Newspaper Page Text
Co-Eds of L. S. U.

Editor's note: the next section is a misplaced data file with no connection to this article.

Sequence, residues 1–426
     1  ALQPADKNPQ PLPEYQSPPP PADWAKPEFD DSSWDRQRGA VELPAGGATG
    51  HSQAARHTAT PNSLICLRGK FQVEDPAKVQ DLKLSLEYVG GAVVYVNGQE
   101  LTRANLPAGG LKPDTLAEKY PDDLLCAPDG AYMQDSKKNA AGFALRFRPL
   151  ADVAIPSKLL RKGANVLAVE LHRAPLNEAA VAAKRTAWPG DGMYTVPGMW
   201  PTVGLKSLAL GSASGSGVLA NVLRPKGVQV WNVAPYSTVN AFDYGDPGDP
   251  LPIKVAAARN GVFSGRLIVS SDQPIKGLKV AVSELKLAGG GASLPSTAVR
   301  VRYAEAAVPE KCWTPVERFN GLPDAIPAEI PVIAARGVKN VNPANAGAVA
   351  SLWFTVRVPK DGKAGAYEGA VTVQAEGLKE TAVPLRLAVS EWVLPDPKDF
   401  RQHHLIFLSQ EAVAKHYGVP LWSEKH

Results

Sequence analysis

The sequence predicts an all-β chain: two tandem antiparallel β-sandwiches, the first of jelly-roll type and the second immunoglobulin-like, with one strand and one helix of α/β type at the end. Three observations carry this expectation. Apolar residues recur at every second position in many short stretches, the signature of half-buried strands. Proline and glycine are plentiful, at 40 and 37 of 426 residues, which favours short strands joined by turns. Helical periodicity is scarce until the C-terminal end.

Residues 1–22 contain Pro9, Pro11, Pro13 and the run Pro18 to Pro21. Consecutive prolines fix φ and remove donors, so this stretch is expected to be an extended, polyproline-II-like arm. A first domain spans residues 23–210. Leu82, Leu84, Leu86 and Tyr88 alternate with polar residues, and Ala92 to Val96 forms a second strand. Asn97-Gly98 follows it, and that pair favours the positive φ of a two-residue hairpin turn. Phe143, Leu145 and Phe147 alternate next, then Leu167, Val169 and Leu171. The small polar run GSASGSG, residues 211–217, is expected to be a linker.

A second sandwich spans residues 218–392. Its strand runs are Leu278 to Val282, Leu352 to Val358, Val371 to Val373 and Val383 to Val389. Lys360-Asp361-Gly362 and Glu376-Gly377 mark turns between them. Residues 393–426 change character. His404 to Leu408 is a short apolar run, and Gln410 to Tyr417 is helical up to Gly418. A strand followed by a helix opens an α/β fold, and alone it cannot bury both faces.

( By Eugenie LeCoq, a Coed.) ii Twenty years ago a coed at L. S. h U. was an unheard of thing, so have z a lot of things been unheard of in a years gone by, but no one is surprised a nowadays when they hear that there h are registered at the Louisiana State University two hunded and eight c young ladies preparing themselves for E practical things in life. i The young ladies have been put on n the level with the boys and have been h allowed the privilege of choosing i what ever subjects they desire. s Many of the girls are preparing a themselves for teachers, journalists, and some are spending most of their s time in the Home Economics depart- a ment preparing themselves for domes- s tic work as well as practical. The law school is graced by two young ladies who expect to make 0 successful lawyers, and all chances a are that they will succeed. Some v girls are taking the premedical course V and some women doctors are not a q surprise, these young ladies, too, will succeed. Sugar chemistry has been the choice of some. The same profes- r sors teach the boys and girls the same g subjects at the same hours, no par- i tiality is shown, which is an advan- c tage to both and so it is not surpris- a ing at all to hear that each term " brings more young ladies to the uni- * versity. The coeds, as the young lady stu dents are called, play an important s part in the college activities. There a are three social sororites, semi-chorus, d chorus, women's athletic association, ' hikers club, young women's christian association, Catholic coed clubs, journ- P alistic sorority and coed assembly. The sororites have been a great advantage and have given a great d deal of pleasure and entertainment t' to the members and freshmen whom a they rush. They also increase the P college spirit. The semi-chorus is the girls' musi- h cal organization which is directed by a Prof. W. H. Stopher and gives each C girl a chance in the musical activities. It meets twice a week. w The university chorus is composed ci of both the Glee club, the boys' musi cal organization, and the semi-chorus, ci or any voice student desiring to be- ti long. It meets every Monday after- ti is an organization which began in al 1919. It was organized by Miss p; Florence Smith, physical training director at the university. A few Ii: charter members were chosen from ge the department of physical training. Any coed gaining ten points either is by hiking, making a team, helping a Ml health card, etc., is elligible. All the E girls have entered with the greatest D interest and enthusiasm and it, too, S. has grown. It is through this organi ave zation that the coeds have their big in athletic games between the sections, sed and which has strengthened the col ere lege spirit among the girls. ate Some of the members of the Womn ght en's Athletic Association have organ for ized a hiker's club, and any member is elligible who hikes twenty-five on miles a term. During the Christmas een holidays, five coeds set out from Bat ing on Rouge and hiked to New Orleans spending the night in different towns, ing and reported a wonderful time. sts, The Young Women's Christian As ieir sociation and the Catholic coed club rt- are the two religious' organizations, ies- so some time is spent for the spiritual welfare as well as the socials at the two beginning of the year. These two ake organizations go in together and give ices a big party for all of the coeds, me whether Jew or Gentile. All are in Lrse vited and in this way all become ac t a quainted. will Then during the year the Y. W. C. een A. have a "stunt night" which is `es- real sport. All of the organizations me get up a stunt and they are staged ar- in the coeds' gymnasium, and of an- course all of the "boys" come and ris- amid cheers, laughter andf .flowers, rm mostly clover, the coeds stage their performance. The journalistic sorority is a pro tu- fessional sorority for the coeds ant studying journalism who have reached ere a certain standard. Although its duty is to carry on professional work, , it has a big initiation and a little lan "goating" also. The journalism de rn- partment is growing and of course the sorority is also. eat Coed assembly meets every Thurs. eat day. All coeds are compelled to at ent tend because this is the only time om all can get together to make future the plans. The coeds make their own rules and Isi- have an honor council. The rules are by apprived by the Dean of Women and tch Col. Thos. D. Boyd. ies. Each house has a house president who is supposed to report any mis ;ed conduct on the part of any girl. *si. Of course, at the ball games, the us, coeds have their own cheering sec be- tion and take an important part in er- the cheering. fo fege"enthiuslasm as the boys i'd in are just as true. And as each year iss passes, the school improves. ng Come on in, girls, get in the swim ew life at. L. S. U. It is great and you >m get the real college pep and spirit. ig. (This poem was written and furn. ier 'ished the Woman's Enterprise by a Mrs. Florence Tompkins, Chairman he Educational Committee, Louisiana est `Division, U. D. C.) STORY TELLING HOUR AT THE CLUB HOUSE The "Story Hour" at the Woman's club house continues popular. A great interest in general is manifest. ed in these weekly story programs The club house is benefitted by the small admission charged and the chil. dren always leave pleased with the entertainment. The program last Saturday was gotten up almost entirely by little Sara Brown, her pupils dancing beau. tifully in the rainbow dance. This Saturday a splendid program is being arranged The committee in charge is com posed of Mrs. L. U. Babin, chairman; Mmes. H. W. Sopher, E. Cazedessus, J. A. Anderson, F. W. Peak and Miss Carolyn Farrnbacher. Mrs. Stopher will be in charge of the program this Saturday, Jan. 14. Mrs. F. W. Peak, Jan. 21, Mrs. Anderson, Jan. 28, Mrs. Cazedessus, Feb. 14 and Miss Farrn bacher, Feb. 11. O C'ANITIES OF HAIR By Dr. Nellie Cooper. Canities, from the latin word Canus, meaning white, is the blanching of the hair due to atrophy of the pig ment, it may be congenital or ac quired in type and maybe only par tial or complete and its progress may be sudden or slow. When congenital it usually occurs in patches. It may also be general, in such cases the person is called an Albino. Acquired canities may be premature or senile, if it occurs before the age of thirty-five it may, for convenience be called premature. We know defiA nitely what the atrophic processes are due to cellular degeneration and these may be caused by the gradual retro gression of hair and pigmient forming elements or to toxic, nelrotis or phy sic factors. Stimulation of the sc4lp by means of electric and other irr tating appli. "cations and medicationsl serve to re tard the progress of thik condition. When one's youthful dppearance or one's vocation demands that one must 3E subimt to grey hairs, then dying must be resorted to. 1's While one's occupational progress or A inclinations demands dark hair, it is It- only recommended as a last resort. Is. The individual cannot sucessfully color he his own hair. An inefficient, careless, il- ignorant operator is a worse evil. he When it is decided that dyeing of one's hair is necessary, select a person as who has knowledge of the formation :le of the hair, cellularly, and anatom u- ically. A thorough understanding of the various kinds of coloring agents m an the mode of careful, correct appli cation, also the chemical experience n- in neutralizing agents for removal in n> case the color does not please. A is, streaked, unevenly dyed head of hair as is now more unsightly than the grey. er Dyeing can be done so that it is not is possible to detect it and can be made k, to look perfectly natural. 's When a person begins dyeing, hair, ' it is. a long, frequent, tedious and ex pensive process and requires constant intermediate care and at the best it destroys the hair in a few years by the drying and brittleness produced through the chemical reactions be. I tween the hair substance and the f agents used. ". The metallic dyes are more or less ý. dangerous. The vegetable dyes are r~ safer and more satisfactory and this ry discriminating knowledge is essential to a successful operator. While the rs shades from metallic dyes are truer 1, the effects upon the skin of the head n are dangerous. It is amazing, the confidence and trust the laity evinces e in the average operator and the "e chances they take in placing them e selves in the care of persons abso i. lutely ignorant of all knowledge of ' the chemistry of hair dyes.. If you e must dye, do so carefully and in fear -. and trembling, or the results may be g green; purple or orange tresses or r- worse, a raw scalp, swollen face or puffed eyes. One helpful suggestion ,s may be, the vegetable dyes usually 1 are powdered and the metallic ones .usually liquid. Any way see that your operator knows what is the na r ture of the agent being used. Our January Apparel Clearance-- A Boon to Thrifty Women Shoppers T UST read carefully these we have listed below. and note how unusual the reductions. Too the 4 styles are the season's most authentic-the same high quality you've always purchased at Farrnbacher's. The purchase of a coat-suit or dress now will entail no great expense. Note The Season's Premier SUIT Offering for Friday and Saturday's Complete Clearance All Remaining Women's Suits At Two Prices 1975 and $25V A t 19.75 There remains just forty-six (46) suits l t 19 whose former selling prices were as high as $50; splendidly styled and tailored garments, every one of them. The materials are principally French Velours. Trico tines and serges in the wanted colors. Some fur trimmed models. , The size range is complete in regular and quite a few extra sizes. A t 25 There is just twenty-four suits remaining who's former prices were As high as $85, and none less than $50. In this colection are some of our finest suits--suits that were selected from the winter season's most authentic styles, from the country's foremost manufacturers. The materials are principally All-Wool Tricotines, Poiret Twills, Duvet de Laine and Broadcloths in the wanted colors of navy, browns, etc., with a splendid assortment of sizes. In these two lots will be found many suits that can worn .for spring, and these Clearance prices will be less than HALF. There being no great number of either lots, we would suggest your making an early selection as no doubt these two days will i, ara4s a;93ssthee final prices. For Clearance All Remaining Coats and Dresses are now HALF and less Authentically styled and faultlessly tailored, every one of them. The season's favorite fabrics only used and you know Farrn bacher's apparel is always reasonably priced. The HALF PRICES mean exceptional bargains, but they must be cleared, regardless of the loss entailed in so doing. The price range is,from $15 to $127.50 for clearance at just HALF. January Clearance S, P Remaining Millinery Two Prices g u, 3.95 and 1.98 This includes any winter hat remaining. Patterns from Vogue, Ronel, Upland and other high ,class milliners, as well as copies from our own workrooms. Hats selling to i$30, now $3.95; Hats to $16.50, now $1.98. Handmade Blouses 1 HALF PRICE -exquisite blouses made entirely by hand of finest im ported Voiles and Sheer Lingerie, handembroidered, hem Janary Clearance stitched, etc. There's a variety of styles to select from in all sizes; originally priced to $12.50, now HALF. . Sale of 8orset January Clearance Sale In Two Lots 3.98 and 2.98 Pongee Silk Blouses -They are numbers and styles which the factories have discon- f. tinued making, finest Corsets too-Bonton, La Vida, Royal Wor- 1.y cester, but being discontinued, makes it imperative that we close Blouses in several dainty styles, all having the New Peter them out regardless of cost. Blouses in several dainty styles, all having the New Peter Pan Collars. The Pongee is an excellent quality, natural color. Blouses that are worth double this clearance price At 3.98 You have the choice of Corsets formerly selling of $1.98. $15. There's several styles and fabrics, front and back lace. Not all sizes of a style but all sizes in the lot. January Clearance a Lot At 2.98 You can choose from Corsets which have been Muslin Uhdergarments selling as high as $8.50. Several styles to select from, front and back lace, high and low bust. If in need of a 1.0U Corset you'll save considerably by selecting one from these two lots. , Muslin garments which have been selling as high as $3. You may choose Gowns, Teddies, Underskirts, etc., either pink or white; some lace, others embroidery trimmed; excellent savings at this clearance price of $1. WE GIVE THAT OVERLAND AUTOMOBILE AWAY FEBRUARY Ith.